Friday, July 25

The Boys in the Boat

Photo courtesy of University of Washington Libraries, Special Collections, UW2234, available at:
If you like to read even a little, and you naturally root for the underdog, then have I got a great book to recommend: The Boys in the Boat: Nine Americans and their Epic Quest for Gold at the 1936 Berlin Olympics, by Daniel James Brown.  Yes, it’s true that it’s non-fiction and that you know the ending before you begin (but, then, so did the millions who went to see the film, Titanic, which had a much less uplifting close, and which still managed to trigger tears for many viewers who already knew what was coming!)
Having finished a great read on the flight out (In One Person. By John Irving), I asked my Santa Barbara innkeeper for directions to a bookstore.  Chaucer’s was the now-too-rare bookstore where the staff is eager to share in an unhurried manner what they’ve recently read and loved.  I ended up carrying an extra bag to accommodate my winnowed down selections.
Like most Americans my age, I knew the Jesse Owens story well, but was unfamiliar with much of the context within which his victory occurred—and certainly was unfamiliar with the story of America’s Gold Medal in rowing, the second most popular sport in the world at that time.  As their gripping story unfolds, the rag-tag team from Washington State brings us with them through the many hurdles they had to overcome to get to the Olympics and win the Gold.  In the process, we also learn about the America of their day, boatbuilding, the rise of Hitler and a host of fascinating subjects cleverly woven in.

The theme of my work for 30 years has been Purpose and Harmony.  The English immigrant who built the winning racing shell, George Pocock, was also a great coach to coaches, emphasizing those very themes at every opportunity:  “Harmony, balance, and rhythm.  They’re the three things that stay with you your whole life.  Without them civilization is out of whack.  And that’s why an oarsman, when he goes out in life, he can fight it, he can handle life.  That’s what he gets from rowing.”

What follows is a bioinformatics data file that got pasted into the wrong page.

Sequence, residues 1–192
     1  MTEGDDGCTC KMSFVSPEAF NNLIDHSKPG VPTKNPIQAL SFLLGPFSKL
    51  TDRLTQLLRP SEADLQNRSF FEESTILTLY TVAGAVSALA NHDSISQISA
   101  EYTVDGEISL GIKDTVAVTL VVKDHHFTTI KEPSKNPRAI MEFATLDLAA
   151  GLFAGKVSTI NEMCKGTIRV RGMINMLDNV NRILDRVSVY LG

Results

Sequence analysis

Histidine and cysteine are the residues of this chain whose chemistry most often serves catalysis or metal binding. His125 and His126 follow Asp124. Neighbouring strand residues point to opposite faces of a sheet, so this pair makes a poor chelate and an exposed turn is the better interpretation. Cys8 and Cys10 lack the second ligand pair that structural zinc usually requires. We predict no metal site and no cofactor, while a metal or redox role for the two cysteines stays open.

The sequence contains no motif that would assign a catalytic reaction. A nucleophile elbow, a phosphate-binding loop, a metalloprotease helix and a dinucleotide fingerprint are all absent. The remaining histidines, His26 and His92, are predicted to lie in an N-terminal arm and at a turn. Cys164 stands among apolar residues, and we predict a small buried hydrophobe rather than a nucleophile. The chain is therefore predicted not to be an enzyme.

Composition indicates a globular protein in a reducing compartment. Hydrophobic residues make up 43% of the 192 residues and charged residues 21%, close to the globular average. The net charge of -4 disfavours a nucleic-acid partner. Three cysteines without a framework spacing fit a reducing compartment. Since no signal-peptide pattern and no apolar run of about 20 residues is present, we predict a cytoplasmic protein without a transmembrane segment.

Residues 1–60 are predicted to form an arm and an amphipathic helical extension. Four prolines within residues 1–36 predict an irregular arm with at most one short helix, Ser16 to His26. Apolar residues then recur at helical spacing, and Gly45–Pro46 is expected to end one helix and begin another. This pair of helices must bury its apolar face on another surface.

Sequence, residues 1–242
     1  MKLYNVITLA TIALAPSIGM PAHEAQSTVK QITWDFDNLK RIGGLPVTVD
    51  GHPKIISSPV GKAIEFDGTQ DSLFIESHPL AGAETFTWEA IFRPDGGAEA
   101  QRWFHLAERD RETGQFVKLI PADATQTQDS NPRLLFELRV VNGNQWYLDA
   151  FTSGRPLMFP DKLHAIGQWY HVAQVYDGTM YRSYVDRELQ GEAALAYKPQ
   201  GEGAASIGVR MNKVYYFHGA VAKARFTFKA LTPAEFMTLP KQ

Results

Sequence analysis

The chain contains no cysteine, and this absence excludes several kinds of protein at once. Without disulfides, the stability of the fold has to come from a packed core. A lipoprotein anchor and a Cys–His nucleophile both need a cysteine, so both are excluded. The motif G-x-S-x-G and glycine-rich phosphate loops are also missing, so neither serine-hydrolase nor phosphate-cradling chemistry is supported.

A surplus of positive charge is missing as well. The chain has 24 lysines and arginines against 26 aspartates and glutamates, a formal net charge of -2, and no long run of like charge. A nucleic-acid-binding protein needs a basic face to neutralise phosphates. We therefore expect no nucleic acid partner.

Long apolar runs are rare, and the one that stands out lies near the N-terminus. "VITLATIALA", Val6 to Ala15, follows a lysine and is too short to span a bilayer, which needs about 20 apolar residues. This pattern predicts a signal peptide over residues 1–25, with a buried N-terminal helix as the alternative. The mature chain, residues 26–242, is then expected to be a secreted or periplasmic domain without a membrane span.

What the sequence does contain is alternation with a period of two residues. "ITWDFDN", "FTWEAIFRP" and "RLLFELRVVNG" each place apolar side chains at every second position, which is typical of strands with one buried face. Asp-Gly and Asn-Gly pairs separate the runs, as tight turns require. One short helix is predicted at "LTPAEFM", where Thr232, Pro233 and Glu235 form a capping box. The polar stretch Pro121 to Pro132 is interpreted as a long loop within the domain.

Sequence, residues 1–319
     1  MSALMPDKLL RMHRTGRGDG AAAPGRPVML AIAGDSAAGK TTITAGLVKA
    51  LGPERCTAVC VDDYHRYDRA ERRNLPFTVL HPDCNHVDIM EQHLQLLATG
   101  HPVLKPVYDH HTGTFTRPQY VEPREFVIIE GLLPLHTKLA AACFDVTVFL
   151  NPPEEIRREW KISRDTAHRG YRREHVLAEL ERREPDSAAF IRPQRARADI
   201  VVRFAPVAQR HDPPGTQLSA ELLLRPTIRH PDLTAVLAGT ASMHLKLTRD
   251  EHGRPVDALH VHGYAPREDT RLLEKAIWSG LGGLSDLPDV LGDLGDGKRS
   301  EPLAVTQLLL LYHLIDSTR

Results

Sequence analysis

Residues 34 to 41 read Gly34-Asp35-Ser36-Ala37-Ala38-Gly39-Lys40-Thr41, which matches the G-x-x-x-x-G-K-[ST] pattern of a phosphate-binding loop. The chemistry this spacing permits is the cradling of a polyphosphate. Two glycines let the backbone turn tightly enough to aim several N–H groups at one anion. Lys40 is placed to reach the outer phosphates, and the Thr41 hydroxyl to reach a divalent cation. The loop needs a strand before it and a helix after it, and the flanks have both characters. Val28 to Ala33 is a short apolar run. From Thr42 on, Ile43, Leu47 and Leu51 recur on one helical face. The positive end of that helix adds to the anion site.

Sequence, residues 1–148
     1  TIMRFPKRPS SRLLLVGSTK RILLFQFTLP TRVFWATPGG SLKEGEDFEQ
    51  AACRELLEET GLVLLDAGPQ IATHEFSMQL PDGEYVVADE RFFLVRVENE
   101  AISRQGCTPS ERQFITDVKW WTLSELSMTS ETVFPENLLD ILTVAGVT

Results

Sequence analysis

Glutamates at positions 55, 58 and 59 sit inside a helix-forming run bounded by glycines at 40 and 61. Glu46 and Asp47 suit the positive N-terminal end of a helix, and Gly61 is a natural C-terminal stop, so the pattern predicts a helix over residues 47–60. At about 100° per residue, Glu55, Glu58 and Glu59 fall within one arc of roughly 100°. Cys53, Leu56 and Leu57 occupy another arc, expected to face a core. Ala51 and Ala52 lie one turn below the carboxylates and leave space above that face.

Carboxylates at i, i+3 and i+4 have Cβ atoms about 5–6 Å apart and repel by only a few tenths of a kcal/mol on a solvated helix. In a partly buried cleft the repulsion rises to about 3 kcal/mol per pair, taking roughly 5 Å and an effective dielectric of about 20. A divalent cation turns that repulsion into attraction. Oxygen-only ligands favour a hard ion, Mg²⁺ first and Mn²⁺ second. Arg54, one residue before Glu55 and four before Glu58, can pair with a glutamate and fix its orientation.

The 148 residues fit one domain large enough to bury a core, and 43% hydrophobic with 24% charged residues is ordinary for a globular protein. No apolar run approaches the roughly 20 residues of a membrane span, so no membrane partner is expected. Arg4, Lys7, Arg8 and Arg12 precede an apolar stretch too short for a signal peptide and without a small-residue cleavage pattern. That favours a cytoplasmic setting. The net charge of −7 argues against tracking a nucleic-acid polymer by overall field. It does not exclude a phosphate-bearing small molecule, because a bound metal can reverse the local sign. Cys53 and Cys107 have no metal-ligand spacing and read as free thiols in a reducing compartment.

There is something that happens in all great teams when its members merge into something larger and greater, performing collectively as one.  The author describes when this occurs in rowing:
There is a thing that sometimes happens in rowing that is hard to achieve and hard to define.  Many crews, even winning crews, never really find it.  Others find it but can’t sustain it. It’s called “swing.”  It only happens when all eight oarsmen are rowing in such perfect unison that no single action by any is out of synch with those of all the others.  It’s not just that the oars enter and leave the water at precisely the same instant.  Sixteen arms must begin to pull, sixteen knees must begin to fold and unfold, eight bodies must begin to slide forward and backward, eight backs must bend and straighten all at once.  Each minute action—each subtle turning of wrists—must be mirrored exactly by each oarsman, from one end of the boat to the other.  Only then will the boat continue to run, unchecked, fluidly and gracefully between pulls of the oars.  Only then will it feel as if the boat is a part of each of them, moving as if on its own.  Only then does pain entirely give way to exultation.  Rowing then becomes a kind of perfect language.  Poetry, that’s what a good swing feels like.

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